Home News Interest rate hikes: why you shouldn't be panicking

Interest rate hikes: why you shouldn't be panicking

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Pick up a newspaper, flick on the nightly news or talk to one of your neighbours, and the state of current interest rates will undoubtedly get a mention. There’s plenty of talk that interest rates are heading up, perhaps even prior to Christmas, but according to some experts, that’s no reason to panic.
 
“People are really nervous about where interest rates are going at the moment, because there’s a lot of talk in the media about interest rates going up – and we know that the RBA is actually predicting that interest rates will go up between now and the end of the year,” explains Helen Collier-Kogtevs, director of Real Wealth Australia.
 
But Collier-Kogtevs is quick to point out that interest rates are an inevitable part of life. “They’re just like paying your taxes – we all have to pay them,” she says. “Yes, we all want to minimise our expenses, but at the same time, (interest rates) are a reality and we’ve got to live with them.”
 
She goes on to explain that when we look at interest rates over a complete property cycle of 7-10 years, it’s clear that interest rates go up and down.
 
“They’re forever fluctuating, but when you average out the interest rate over a property cycle, it’s about 8.5%,” Collier-Kogtevs explains.
 
“If you look at interest rates right now, the variable rate is around 6.7%. So if interest rates are going to go up by 0.25%, and the average is 8.5%, is that really a big concern?”
 
Her point? While we’d all prefer to save a dollar where we can, there’s no point in panicking over an expense that we can’t avoid.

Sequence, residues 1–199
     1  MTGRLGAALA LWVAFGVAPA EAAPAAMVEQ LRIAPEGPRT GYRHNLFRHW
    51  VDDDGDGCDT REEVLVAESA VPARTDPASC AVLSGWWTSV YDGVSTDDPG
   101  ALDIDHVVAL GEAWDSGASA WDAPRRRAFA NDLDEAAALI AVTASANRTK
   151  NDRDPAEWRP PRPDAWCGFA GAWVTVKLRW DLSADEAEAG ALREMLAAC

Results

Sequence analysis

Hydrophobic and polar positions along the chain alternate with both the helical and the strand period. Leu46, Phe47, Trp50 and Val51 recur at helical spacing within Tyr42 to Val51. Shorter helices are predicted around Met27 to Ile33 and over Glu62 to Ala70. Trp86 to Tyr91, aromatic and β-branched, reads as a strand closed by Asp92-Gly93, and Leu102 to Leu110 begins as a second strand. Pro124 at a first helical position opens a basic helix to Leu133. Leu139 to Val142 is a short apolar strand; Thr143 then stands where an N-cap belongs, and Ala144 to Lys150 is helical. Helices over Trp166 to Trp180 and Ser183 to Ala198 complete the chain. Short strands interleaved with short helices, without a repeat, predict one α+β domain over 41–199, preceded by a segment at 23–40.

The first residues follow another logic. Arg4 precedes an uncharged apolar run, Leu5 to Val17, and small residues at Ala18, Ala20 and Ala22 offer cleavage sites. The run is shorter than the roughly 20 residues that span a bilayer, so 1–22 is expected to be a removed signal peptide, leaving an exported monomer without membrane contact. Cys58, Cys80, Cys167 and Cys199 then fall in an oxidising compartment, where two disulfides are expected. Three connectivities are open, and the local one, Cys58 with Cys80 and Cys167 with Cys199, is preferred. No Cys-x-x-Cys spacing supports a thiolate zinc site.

We also have to remember that current mortgage rates are still sitting at historically low levels.
 
“I just want to put this into perspective, because if the average is 8.5% and you’re paying less than that, then you’re well ahead of the game,” she says.
 
It’s when interest rates nudge above the 8.5% mark that you need to be concerned, Collier-Kogtevs adds, so she urges borrowers not to panic about the ongoing media hype.
 
For those who are worried about their ability to make their mortgage repayments if interest rates increase, then now is the perfect time to look at fixing all of part of your mortgage.
 
“With fixed rates now running below standard variable rates, it makes sense for homeowners to fix a portion of their mortgage,” confirms economist Shane Oliver from AMP Capital Investors.
 
Collier-Kogtevs suggests that you look at long-term interest rates of 3, 5 or 10 years to ascertain whether they’re less than 8.5%.
 
“At the moment 3 year interest rates are around 7.3%, and that’s still well ahead of 8.5%,” she says.
 
“Just make sure you have a look at the different loan products and see what’s available to you, before you actually make a decision to move forward.”
 
If in doubt, speak to your lender or mortgage broker for a financial health check, and don’t forget to use Your Mortgage’s calculators and other resources to help you assess your options.

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